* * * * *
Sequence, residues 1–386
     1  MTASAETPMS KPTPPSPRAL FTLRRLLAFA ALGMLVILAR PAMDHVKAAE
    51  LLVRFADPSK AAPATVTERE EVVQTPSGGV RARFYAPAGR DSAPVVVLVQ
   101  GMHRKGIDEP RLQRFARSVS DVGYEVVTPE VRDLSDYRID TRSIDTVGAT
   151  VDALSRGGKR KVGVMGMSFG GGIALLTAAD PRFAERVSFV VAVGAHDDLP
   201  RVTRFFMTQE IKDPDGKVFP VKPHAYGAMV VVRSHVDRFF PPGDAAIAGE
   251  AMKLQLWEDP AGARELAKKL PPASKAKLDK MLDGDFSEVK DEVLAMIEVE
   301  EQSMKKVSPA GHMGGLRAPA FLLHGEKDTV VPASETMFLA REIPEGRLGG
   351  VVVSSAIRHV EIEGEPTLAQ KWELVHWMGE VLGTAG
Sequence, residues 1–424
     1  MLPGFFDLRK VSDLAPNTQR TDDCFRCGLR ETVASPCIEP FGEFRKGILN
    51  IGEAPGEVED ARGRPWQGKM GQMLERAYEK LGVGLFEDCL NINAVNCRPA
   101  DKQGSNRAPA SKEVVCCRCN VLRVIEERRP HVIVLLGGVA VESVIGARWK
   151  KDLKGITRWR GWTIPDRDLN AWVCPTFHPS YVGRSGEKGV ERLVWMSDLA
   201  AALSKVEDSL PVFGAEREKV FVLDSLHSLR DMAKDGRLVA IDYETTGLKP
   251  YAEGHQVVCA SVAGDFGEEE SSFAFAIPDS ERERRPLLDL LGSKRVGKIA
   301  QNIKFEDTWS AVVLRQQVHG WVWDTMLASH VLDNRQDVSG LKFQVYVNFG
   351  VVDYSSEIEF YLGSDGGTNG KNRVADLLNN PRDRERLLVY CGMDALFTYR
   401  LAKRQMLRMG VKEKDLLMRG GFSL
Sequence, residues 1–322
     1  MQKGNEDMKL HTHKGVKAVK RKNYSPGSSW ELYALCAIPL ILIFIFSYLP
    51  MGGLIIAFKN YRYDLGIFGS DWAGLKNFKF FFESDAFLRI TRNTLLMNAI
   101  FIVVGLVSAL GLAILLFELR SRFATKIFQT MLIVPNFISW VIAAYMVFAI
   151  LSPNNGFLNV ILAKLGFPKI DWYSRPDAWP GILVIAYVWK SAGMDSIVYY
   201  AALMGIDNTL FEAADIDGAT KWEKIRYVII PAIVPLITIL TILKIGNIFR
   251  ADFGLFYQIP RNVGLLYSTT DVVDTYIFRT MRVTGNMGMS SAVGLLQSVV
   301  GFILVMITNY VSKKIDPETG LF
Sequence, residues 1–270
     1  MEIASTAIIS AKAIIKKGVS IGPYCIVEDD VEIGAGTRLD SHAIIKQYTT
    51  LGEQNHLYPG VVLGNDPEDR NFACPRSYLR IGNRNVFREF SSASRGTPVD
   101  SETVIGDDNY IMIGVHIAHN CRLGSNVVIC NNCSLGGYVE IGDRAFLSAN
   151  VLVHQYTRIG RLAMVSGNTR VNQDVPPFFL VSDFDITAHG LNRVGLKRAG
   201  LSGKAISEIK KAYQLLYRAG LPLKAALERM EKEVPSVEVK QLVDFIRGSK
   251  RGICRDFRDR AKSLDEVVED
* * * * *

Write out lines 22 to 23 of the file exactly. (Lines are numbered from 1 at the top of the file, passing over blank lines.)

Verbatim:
    51  MGGLIIAFKN YRYDLGIFGS DWAGLKNFKF FFESDAFLRI TRNTLLMNAI
   101  FIVVGLVSAL GLAILLFELR SRFATKIFQT MLIVPNFISW VIAAYMVFAI